The annual rate of new-home construction in the Rio Grande Valley as determined by Metrostudy’s third-quarter survey is 1,790 starts, up 137 units, or 8.3 percent, over the 3Q13 rate of 1,653. The Rio Grande Valley had 373 starts in the third-quarter, an 11.4 percent decline from 3Q13. The number of new home closings in the year ending 3Q14 was 1,840, up 104 units, or 6.0 percent, over the 3Q13 rate of 1,736. There were 426 closings in the third-quarter, down 5.1 percent from 3Q13.
Metrostudy’s 3Q14 survey found the level of new home inventory continued to be high relative to the number of closings in the same period. There were a total of 1,262 homes in inventory at the end of 3Q14, which represents an 8.2 months of supply based on the annual closings rate of 1,840. Metrostudy documented 624 homes under construction at the end of the third-quarter, a decrease of 54 units compared to 3Q13. The inventory of finished vacant units totaled 618 homes at the end of 3Q14, up slightly compared to the 3Q13 level of 587, but down from last quarter. Based on the closings rate for the third-quarter, the current level of finished vacant inventory represents 4.0 months of supply; a significant oversupply compared to current demand.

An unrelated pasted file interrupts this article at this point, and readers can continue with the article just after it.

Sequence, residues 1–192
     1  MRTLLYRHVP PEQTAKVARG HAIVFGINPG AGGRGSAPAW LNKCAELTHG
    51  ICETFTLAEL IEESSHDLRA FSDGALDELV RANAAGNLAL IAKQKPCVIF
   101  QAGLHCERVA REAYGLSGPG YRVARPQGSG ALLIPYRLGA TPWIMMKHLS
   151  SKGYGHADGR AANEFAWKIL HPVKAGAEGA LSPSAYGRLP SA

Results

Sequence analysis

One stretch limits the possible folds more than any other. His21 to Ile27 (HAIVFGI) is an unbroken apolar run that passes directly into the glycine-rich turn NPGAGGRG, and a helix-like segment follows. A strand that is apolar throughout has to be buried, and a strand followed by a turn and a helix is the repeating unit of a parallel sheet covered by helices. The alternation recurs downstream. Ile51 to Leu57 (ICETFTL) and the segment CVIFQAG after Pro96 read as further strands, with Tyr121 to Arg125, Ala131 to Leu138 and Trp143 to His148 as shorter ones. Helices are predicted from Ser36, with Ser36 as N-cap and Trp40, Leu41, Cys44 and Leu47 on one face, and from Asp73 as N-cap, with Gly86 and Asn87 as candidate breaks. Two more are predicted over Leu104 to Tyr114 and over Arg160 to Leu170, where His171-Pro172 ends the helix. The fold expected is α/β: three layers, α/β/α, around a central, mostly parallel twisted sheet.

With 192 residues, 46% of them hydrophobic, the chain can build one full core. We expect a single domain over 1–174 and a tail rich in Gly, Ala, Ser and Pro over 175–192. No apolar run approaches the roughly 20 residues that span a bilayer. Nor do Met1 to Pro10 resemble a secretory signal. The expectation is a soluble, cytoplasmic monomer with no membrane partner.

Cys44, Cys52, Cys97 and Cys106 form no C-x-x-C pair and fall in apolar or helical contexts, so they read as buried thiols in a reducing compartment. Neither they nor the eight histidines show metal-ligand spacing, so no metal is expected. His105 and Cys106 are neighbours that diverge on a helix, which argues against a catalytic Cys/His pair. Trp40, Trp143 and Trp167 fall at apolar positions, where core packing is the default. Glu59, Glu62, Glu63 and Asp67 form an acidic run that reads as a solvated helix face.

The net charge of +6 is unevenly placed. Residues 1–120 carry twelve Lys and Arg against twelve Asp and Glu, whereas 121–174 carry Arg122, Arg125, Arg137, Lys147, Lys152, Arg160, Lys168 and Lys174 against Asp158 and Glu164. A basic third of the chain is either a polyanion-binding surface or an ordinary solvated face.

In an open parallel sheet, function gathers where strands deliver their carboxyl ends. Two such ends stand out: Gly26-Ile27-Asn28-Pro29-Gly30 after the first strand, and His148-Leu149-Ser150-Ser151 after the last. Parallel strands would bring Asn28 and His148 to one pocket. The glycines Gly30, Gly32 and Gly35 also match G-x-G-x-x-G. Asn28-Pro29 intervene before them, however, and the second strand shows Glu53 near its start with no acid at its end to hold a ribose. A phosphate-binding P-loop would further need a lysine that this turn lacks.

It is important to note that the top 55 most active subdivisions ranked by annual starts have a 42.9 months of supply. This is a much healthier level by far when compared to the overall 101.1 months supply. This is important as it leads to a discussion of a small core group of active subdivisions and large group of fairly inactive subdivisions. The top subs group have a starts rate of 927 and a current developed lot supply of 3,314.
“The Rio Grande Valley area continues to lag behind the rest of the state in terms of economic and housing activity and total recovery from the bottom of the recession,” said Jack Inselmann, Metrostudy’s regional director for the Rio Grande Valley market. “However, the analysis shows consistent though small growth—a much needed improvement over the last few years. Inventories are improving, prices are rising, and there is a good pocket of construction in a small group of subdivisions. In the near term the RGV housing market overall analysis will look somewhat mediocre except for the core group of subdivisions that generates approximately 50 percent of all new home construction and holds tighter inventories and exhibits better trends. There are still issues with excess housing inventories in both the new home and resale markets, as well as foreclosure inventory. Complete recovery doesn’t occur until inventories are brought back in line with demand, and that still remains somewhere down the line. It is expected that The Rio Grande Valley will remain a smaller market that hopes for steady growth and improvement in all facets of production and inventories. Current trends shows that is happening and that is the best positive statement of all for this region.”
Contributed by Metrostudy.